Synchronous Demodulator
This cirduit can extract a signal of known frequency and phase from a high noise background.
It is used most frequently in AC parameter measurements where the signal source is available.

E ref

Analog Switch

Voltage to Frequency Converter


The integrator ramps at a rate proportional to the input voltage. When the output reaches the
reference (negative) level in the second Op Amp, the integrator is quickly reset. Dividing the
output with a flip-flop gives a square wave.

+V in

-15V

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Frequency to Voltage Converter

Each negative half cycle of the Op Amp output charges C1 as


shown. On each positive half cycle, this charge is transferred to C2.

C1 C2

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Phase Locked Loop
The input signal crossovers are used to generate a rectangular wave. The JK flip-flop
generates a square wave. When this is exclusive ORed with the output of a voltage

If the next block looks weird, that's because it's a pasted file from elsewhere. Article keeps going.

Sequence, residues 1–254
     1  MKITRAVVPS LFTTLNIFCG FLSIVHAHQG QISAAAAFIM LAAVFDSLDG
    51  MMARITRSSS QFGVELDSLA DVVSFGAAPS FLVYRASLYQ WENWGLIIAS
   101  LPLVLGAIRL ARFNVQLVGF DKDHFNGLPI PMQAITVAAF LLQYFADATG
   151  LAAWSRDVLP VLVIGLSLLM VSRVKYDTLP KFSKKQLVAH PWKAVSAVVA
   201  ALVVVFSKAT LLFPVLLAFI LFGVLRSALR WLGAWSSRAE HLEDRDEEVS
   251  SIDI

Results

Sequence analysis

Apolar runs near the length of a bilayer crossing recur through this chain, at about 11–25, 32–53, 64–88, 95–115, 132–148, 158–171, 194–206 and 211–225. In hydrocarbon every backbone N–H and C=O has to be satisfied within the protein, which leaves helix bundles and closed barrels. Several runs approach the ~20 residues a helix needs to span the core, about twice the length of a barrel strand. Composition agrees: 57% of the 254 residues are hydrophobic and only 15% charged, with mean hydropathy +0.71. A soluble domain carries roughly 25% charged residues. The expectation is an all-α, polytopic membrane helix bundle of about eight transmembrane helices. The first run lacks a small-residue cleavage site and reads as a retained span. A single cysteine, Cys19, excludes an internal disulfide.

controlled oscillator, the result is a voltage proportional to the phase difference
between the two signals. This can be used to control the oscillator.

+V in
JK
A Low B
Pass
JK

Phase: 0 90 180
VCO N A:

B: 0 2.5 5

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Some DAC Configurations
R FB

Binary EO
Weighted N
2 R 2 N-1
R 2 N-2
R R

(Linear)
LSB MSB
Eo = 2EREF R FB BF
EREF R

N N-1 N-2 0

R FB

EO
RMAX RMIN

Non-Linear
EREF

0 1 2 2 N -1
One of 2N Decoder
N N-1 N-2 0

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R, 2R DAC
R FB
2R R R R

EO
2R 2R 2R 2R

LSB MSB
E REF

R R R 0
2R 2R 2R R FB
2R R R R

EO
2R 2R 2R 2R

E REF
R FB
EO E REF 2R

R FB R FB
EO E REF 8R EO E REF 4R

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Conclusions

• This presentation has only touched on some of the


Op Amp circuits most relevant to the needs of senior
design projects. There are a large number of other
circuits to be found for applications requiring
generation, amplification, detection and
measurement of analog signals.